A pioneering study carried out among patients in remission from Rheumatoid Arthritis has determined that they display significantly higher temperatures than healthy individuals.
The work, published in PLOSONE and undertaken by University of Malta and Staffordshire University, compares thermographic patterns of patients with Rheumatoid Arthritis (RA) in remission with healthy individuals.
More than 31 RA patients in remission were recruited from the clinics in Malta and thermal images of their feet were taken. Temperatures in the different regions of the foot—medial, lateral, forefoot and heel regions—were analyzed and compared to a cohort of more than 52 healthy adults.
Dr. Alfred Gatt, from the University of Malta and a Visiting Fellow at the Centre for Biomechanics and Rehabilitation Technologies, Staffordshire University, led the study. He said: “Our previous study which looked at the joints of the hands highlighted that thermal imaging has the potential to become an important method to assess Rheumatoid Arthritis.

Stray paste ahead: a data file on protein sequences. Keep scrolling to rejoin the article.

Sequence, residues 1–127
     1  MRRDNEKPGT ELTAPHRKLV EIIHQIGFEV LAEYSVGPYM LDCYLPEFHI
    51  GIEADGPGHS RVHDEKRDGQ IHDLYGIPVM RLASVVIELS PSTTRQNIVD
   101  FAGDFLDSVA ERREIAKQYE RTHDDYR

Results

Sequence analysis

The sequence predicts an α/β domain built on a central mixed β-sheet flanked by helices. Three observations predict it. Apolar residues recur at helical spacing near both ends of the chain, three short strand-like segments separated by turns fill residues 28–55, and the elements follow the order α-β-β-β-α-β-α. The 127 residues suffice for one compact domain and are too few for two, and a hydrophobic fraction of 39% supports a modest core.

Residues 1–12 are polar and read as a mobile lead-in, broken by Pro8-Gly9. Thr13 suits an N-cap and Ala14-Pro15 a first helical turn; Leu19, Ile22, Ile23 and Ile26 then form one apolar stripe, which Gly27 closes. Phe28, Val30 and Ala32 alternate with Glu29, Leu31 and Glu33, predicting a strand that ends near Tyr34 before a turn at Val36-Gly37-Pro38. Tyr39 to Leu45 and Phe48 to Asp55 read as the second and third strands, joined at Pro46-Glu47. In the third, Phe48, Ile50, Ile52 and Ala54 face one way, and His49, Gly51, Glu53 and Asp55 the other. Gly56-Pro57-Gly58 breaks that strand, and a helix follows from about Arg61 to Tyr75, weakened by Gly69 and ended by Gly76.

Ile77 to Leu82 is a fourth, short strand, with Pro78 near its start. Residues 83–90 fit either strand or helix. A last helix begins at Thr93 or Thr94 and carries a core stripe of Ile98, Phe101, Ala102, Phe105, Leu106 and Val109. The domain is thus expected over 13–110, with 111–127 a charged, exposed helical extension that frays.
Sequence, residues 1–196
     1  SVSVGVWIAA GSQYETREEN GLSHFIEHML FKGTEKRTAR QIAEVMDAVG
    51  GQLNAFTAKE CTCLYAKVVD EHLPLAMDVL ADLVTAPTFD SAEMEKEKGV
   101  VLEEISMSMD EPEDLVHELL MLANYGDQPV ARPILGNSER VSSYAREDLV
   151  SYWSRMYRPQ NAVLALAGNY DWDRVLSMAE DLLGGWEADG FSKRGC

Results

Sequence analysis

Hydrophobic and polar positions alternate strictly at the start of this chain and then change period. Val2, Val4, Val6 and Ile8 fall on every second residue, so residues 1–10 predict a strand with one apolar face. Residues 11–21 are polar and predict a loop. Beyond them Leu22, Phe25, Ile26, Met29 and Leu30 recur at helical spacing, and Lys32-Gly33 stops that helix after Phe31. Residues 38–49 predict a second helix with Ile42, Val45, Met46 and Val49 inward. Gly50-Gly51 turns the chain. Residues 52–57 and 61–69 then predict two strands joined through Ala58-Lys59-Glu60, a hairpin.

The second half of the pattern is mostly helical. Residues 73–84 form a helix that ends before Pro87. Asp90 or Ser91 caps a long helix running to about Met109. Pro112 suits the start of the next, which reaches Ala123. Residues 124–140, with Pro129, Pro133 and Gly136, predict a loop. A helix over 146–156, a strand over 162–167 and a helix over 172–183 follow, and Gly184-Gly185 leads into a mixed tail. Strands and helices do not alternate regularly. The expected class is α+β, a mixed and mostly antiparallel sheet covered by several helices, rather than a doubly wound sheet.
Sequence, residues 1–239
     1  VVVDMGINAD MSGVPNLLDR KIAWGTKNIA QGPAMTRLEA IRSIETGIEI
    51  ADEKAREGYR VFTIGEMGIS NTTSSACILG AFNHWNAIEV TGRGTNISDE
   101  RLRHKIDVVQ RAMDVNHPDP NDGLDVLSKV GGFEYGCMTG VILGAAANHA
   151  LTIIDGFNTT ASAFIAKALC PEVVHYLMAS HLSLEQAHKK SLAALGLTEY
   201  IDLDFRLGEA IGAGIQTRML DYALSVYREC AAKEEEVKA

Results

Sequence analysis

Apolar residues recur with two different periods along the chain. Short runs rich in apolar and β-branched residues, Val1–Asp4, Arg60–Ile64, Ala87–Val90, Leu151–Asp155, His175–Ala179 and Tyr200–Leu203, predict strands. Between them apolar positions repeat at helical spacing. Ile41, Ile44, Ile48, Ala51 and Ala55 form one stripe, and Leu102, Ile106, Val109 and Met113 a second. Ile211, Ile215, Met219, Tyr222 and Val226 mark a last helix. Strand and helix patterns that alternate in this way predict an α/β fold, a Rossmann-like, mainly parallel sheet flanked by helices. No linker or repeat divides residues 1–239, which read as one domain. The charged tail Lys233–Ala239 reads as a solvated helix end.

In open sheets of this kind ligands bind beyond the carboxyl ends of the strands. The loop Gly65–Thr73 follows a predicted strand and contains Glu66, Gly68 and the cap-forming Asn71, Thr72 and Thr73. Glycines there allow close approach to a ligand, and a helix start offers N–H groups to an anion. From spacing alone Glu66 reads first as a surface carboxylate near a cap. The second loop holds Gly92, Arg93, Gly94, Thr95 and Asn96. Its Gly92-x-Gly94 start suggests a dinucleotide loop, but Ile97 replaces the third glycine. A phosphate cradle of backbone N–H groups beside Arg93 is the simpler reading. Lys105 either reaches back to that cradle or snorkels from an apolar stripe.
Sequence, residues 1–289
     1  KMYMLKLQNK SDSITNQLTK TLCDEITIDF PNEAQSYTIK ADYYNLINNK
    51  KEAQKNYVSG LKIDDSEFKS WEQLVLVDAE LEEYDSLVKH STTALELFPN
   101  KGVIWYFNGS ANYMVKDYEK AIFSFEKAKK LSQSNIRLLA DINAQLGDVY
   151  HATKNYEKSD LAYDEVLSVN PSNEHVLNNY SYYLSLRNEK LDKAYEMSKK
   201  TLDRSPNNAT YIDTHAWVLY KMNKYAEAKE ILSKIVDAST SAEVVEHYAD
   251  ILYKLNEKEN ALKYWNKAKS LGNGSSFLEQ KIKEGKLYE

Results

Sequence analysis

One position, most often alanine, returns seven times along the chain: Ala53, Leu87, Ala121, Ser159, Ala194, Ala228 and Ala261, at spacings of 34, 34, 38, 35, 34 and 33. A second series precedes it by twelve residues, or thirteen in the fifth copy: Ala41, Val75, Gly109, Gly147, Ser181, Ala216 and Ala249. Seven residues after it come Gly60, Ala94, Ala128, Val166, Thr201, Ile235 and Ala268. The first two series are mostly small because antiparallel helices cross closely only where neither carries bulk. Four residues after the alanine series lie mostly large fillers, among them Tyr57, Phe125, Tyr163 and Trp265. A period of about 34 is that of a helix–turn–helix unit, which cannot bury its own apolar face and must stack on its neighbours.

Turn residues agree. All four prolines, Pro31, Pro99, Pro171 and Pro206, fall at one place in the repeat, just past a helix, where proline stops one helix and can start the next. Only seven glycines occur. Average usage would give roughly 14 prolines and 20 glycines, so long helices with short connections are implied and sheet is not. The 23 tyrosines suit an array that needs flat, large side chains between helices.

“These tests demonstrated a significant difference in temperatures in all the regions of the forefoot between RA patients in remission and healthy patients. This provides the basis of future studies to assess whether thermographic patterns change with disease activity.”
Dr. Cynthia Formosa, Head of Podiatry at the University of Malta and Visiting Fellow at Staffordshire University added: “This paper has set out a baseline that demonstrates that even when there is no inflammation detected by conventional methods, the heat emitted over each foot joint is higher than that of healthy adults.
“This is important because it implies that some underlying disease process and that thermography is sensitive enough to detect these changes.”
Professor Nachi Chockalingam, co-author of the paper and the Director of the Centre for Biomechanics and Rehabilitation Technologies, Staffordshire University, said; “This has implications for both the continued management and self-care of patients in remission from RA.
“In future it may be possible to use small thermal imaging cameras as a screening tool that can be used by both clinician or patient themselves to detect early changes and prevent further damage to the joints, which can result in significant deformity and disability.”
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